Joyce Gibson Roach is an author of fiction and non-fiction, historian, folklorist, rancher and naturalist. Born in Cleburne, Texas to Ann Hartman and Dave Gibson in 1935, but raised in Jacksboro, Texas, she graduated Jacksboro High School, holds Bachelor of Fine Arts and Master of Arts degrees from Texas Christian University and did post-graduate work in English at the University of North Texas. She taught English and history at Keller High School, and in-service courses for Regional XI Educational Service Center in Fort Worth where she also designed reviews for the writing portion of the first Teacher Competency Exams. She was professor on the adjunct English faculty at TCU for some twelve years, taught a variety of courses but specialized in Western Novel and Literature of the Southwest, and still teaches sessions from time to time at TCU on “Where is the Southwest?”
—is a three-time Spur Award winner from Western Writers of America for The Cowgirls, revised reprint by the University of North Texas Press; short non-fiction, “A High Toned Woman,” from Hoein’ the Short Rows, Southern Methodist University Press; short fiction, “Just As I Am,” from Women of the West, Doubleday, She received the coveted Carr P. Collins prize for non-fiction from the Texas Institute of Letters for Eats: A Folk History of Texas Foods, Texas Christian University Press, and the William E. Jary Memorial Award from the Tarrant County Historical Commission for a book of local history, Wild Rose: A Folk History of a Cross Timbers Settlement, The Donning Company and UNT Press. She was a Spur finalist for short fiction, “In Broad Daylight” from Texas Short Stories, Browder Springs Publishing, and a finalist for the Teddy Children’s Book award from the Writers League of Texas for Horned Toad Canyon, Bright Sky Press.
—is a Fellow of Texas State Historical Association, a Fellow of Texas Folklore Society, and an elected member of Texas Institute of Letters and the Philosophical Society of Texas; past president of National Horned Lizard Conservation Society; was inducted into the National Cowgirl Hall of Fame in 2010 in the category of artists and writers.
—wrote both book and music for a folk-drama, Nancy MacIntyre: A Tale of the Prairies, which played for a two week run at the Uvalde Grand Op’ry House in 1989. A children’s Christmas play, Legend of the Animals, for which she wrote both book and music, was performed at St. Martin Episcopal Church in Uvalde in 1999. She scripted Horned Toad Canyon as a play, which was performed in 2004 at the National Cowgirl Museum and Hall of Fame and at the TCU Library as a Friends of the TCU Library event. Performances were repeated at the restored historic Aztec Theatre in Albany as part of Fort Griffin Fandangle events and again in Abilene at the West Texas Literary Festival.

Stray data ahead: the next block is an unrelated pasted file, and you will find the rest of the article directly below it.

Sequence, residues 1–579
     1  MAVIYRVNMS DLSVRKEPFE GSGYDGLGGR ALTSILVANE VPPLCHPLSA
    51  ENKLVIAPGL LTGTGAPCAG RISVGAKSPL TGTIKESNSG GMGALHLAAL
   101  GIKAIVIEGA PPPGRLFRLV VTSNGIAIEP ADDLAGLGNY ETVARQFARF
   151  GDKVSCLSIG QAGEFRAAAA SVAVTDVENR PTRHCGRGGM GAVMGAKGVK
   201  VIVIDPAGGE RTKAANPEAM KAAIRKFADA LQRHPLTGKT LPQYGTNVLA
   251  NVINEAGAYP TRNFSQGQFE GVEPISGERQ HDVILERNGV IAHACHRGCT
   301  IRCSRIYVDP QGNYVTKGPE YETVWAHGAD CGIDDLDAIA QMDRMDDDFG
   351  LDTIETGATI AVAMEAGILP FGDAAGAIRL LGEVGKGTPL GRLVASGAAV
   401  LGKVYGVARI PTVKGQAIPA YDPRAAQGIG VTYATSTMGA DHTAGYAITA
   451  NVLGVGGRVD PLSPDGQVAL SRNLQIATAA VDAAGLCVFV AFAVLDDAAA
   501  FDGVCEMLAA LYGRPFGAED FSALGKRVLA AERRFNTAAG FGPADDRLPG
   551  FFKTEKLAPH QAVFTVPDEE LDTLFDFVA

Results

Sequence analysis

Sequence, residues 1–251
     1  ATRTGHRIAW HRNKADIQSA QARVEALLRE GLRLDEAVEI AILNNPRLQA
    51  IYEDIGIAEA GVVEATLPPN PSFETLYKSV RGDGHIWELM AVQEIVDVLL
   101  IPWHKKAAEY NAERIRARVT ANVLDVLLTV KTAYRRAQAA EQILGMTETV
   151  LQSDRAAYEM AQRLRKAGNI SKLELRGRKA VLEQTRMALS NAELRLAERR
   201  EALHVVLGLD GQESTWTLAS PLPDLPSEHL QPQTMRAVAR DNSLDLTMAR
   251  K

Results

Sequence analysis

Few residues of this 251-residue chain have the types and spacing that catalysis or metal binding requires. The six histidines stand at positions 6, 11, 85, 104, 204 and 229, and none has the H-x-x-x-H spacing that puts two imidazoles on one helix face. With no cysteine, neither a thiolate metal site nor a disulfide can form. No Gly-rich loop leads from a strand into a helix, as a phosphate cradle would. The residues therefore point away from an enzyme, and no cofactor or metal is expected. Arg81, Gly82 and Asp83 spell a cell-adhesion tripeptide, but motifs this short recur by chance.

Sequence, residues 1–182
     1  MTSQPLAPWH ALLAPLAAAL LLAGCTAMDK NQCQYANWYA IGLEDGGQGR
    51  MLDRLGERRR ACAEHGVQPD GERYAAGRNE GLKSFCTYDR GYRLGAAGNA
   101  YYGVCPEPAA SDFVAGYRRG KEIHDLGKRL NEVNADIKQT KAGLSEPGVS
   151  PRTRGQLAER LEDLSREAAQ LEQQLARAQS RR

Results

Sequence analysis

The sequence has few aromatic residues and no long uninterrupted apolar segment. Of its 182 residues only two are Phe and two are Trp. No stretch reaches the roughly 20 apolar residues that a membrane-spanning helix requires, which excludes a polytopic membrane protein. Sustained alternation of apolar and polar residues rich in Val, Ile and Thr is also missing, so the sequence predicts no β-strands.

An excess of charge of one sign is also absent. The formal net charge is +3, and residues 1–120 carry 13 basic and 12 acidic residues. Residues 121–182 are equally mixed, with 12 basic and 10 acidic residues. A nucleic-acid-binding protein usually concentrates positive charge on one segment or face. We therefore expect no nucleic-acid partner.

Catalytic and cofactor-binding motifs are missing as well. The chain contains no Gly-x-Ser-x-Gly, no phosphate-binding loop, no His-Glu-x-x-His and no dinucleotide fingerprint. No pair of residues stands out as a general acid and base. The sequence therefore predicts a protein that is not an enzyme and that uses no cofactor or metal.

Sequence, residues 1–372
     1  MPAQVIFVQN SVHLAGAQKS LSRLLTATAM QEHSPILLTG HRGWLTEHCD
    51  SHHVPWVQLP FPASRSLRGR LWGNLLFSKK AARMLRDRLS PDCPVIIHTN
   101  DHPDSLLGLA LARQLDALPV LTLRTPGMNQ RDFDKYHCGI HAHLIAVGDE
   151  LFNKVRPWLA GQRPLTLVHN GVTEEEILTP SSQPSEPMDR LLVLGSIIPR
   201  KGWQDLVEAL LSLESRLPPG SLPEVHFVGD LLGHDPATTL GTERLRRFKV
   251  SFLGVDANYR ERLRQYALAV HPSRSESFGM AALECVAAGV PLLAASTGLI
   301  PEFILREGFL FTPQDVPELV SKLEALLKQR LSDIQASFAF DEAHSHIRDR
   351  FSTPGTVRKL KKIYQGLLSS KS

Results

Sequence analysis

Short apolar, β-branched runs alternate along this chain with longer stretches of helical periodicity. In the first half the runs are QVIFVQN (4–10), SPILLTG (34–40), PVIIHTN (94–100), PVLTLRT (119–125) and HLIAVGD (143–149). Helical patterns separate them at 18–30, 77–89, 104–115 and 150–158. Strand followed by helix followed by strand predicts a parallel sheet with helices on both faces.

—edited anthologies (This Place of Memory: A Texas Perspective, UNT Press, 1992; Collective Heart: Texans in World War II, Eakin Press, 1996), contributed to anthologies in both fiction and non-fiction form; reviewed books for the Dallas Morning News and historical and literary journals; lectures and speaks to a variety of audiences; served as editor of The Pathfinder, Westlake Historical Preservation Journal; wrote occasional columns for the Fort Worth Star-Telegram, Northeast Edition, from 1997 to 2000.
—established Texas and Southwest book collections at the National Cowgirl Museum and Hall of Fame that include books of fiction and non-fiction, documents, personal research, photographs and illustrations pertaining to ranch and rodeo women of the American West, Willis Lane Elementary in Keller that includes fiction, non-fiction, biography, and natural history of Texas, Central High School in Keller that includes fiction, non-fiction, biography, journals, maps, and artifacts pertaining to local history, history of Texas, the American Southwest and West; donated letters and documents pertaining to the J.M. Roach family, among the earliest settlers in Denton County, to the Denton County Historical Commission and Museum; given The Southwest Collection at the Alkek Library at Texas State University in San Marcos her personal writing papers, research for The Cowgirls and letters and research for C.L. Sonnichsen: Folk Historian; given Special Collections at the University of Texas at Arlington materials used for Wild Rose: A Folk History of a Cross Timbers Settlement and The Little Town That Could, Westlake, Texas: Origins and Legacies, called the Lyda White Collection, consisting of photos, documents, narratives, and like materials.
—spends much of her time at Crosswinds, the family ranch in southwest Wise County, where she wages wars over easement agreements with gas, electric, and phone companies, battles feral pigs and drought, maintains a good environment for deer, turkey, and other wildlife, tries to bring back native grasses and generally keep the place wild, cherishes the times she can show her grandchildren the right paths through the natural world, raises cattle, and wonders how to hold on to the land through drought and hard times, needs rain even after she gets plenty of it; incorporated a non-profit organization, Center for Western Cross Timbers Studies, dedicated to documenting, recording, educating and informing about the Western Cross Timbers through a website and in words, photos, and small workshops.
—has two children, Darrell Roach, who graduated from Keller High School, and Delight Justice, who attended Keller High School, graduating from the Oakridge School. Both are graduates of TCU (Darrell, BS, biology; Delight BS, MS speech communication). Darrell, Delight, and Joyce are principals of Ann Gibson Insurance, Inc., a business established by their grandmother, Ann Gibson, fifty years ago in Keller; two grandchildren, Trey Roach, a student at Texas Tech University with scholarships from Cattle and Agriculture associations and Hollyann Roach, a student at Keller Hill School.